12" x 16"
Forests, Southern Ontario, Canada
At the end of winter northern forests can be dreary. The dramatic shadows of the trees in the snow have gone and no sign of life has yet appeared. At this time of year I can get excited about the appearance of a single new leaf. And this is when Hepatica offers flowers, even before it sprouts leaves. It is as if it can’t wait to celebrate spring.
Sculpting the petals of the hepatica with my painting knife recalled the same strokes I had made while painting buttercups before. Hepatica look a bit like large buttercups and, in fact, are in the same family. These hepatica were decidedly lavender in color but they can also be white, pink or blue. I chose a small panel on which to paint these flowers but still made them larger than their actual size. They barely reached the tops of my boots as I walked through the forest. Each flower sits on top of a very hairy stalk. At first I thought of leaving out these hairs, an unimportant detail in the composition. But the way they caught the light seemed to emphasize the purple stems, so I loaded the tip of the knife with paint and danced it up and down the sides of each stem.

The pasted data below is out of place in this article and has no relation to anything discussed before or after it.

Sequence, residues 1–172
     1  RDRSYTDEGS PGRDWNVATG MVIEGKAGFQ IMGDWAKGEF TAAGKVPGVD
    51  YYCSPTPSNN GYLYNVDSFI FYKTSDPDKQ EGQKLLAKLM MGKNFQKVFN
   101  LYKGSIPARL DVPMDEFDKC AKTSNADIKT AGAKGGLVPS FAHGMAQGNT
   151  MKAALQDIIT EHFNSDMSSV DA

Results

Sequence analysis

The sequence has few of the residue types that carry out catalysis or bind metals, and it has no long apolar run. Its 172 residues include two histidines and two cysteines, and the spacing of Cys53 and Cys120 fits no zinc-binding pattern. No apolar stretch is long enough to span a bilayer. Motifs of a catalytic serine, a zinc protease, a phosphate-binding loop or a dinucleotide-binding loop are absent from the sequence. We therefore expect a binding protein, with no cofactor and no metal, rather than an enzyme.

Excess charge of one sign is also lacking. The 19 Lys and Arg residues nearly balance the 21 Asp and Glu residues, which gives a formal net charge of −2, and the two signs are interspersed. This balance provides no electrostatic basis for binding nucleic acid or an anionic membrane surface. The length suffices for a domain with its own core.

The old leaves that you see at the bottom of the painting have survived the winter under the snow so they are flattened and dull, like the leaf litter around them, providing a striking background for the bright flowers. New leaves will appear after the flowers have gone.
Hepatica (Hepatica americana) can be seen throughout Eastern North America from Southern Canada and the Northern U.S., west to Missouri and throughout the Appalachians. This painting is based on Hepatica I have seen in the forests of Southern Ontario, in the Appalachians, and in my own garden.